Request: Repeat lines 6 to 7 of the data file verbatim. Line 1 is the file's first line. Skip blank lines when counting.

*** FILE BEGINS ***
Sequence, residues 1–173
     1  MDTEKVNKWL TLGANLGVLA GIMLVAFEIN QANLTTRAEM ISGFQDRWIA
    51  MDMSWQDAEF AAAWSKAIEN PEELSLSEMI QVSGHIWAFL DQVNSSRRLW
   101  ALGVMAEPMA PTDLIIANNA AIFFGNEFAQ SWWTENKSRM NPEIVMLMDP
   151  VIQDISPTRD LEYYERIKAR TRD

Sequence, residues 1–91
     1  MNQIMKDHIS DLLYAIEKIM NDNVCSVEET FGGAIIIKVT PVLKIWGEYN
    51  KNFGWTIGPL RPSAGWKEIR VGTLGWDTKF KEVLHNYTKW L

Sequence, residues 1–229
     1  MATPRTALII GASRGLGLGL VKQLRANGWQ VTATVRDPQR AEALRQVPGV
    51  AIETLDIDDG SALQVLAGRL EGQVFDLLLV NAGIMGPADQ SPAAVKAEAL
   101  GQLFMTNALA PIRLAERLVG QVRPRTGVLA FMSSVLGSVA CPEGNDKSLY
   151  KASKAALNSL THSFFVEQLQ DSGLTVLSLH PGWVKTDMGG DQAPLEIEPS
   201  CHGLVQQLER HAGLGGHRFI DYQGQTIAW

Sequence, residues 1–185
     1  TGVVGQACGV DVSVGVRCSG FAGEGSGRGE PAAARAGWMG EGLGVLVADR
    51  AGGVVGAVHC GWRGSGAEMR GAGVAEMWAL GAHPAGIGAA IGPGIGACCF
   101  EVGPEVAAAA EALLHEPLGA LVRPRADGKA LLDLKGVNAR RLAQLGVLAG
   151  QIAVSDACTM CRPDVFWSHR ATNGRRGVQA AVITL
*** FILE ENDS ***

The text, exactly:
Sequence, residues 1–91
     1  MNQIMKDHIS DLLYAIEKIM NDNVCSVEET FGGAIIIKVT PVLKIWGEYN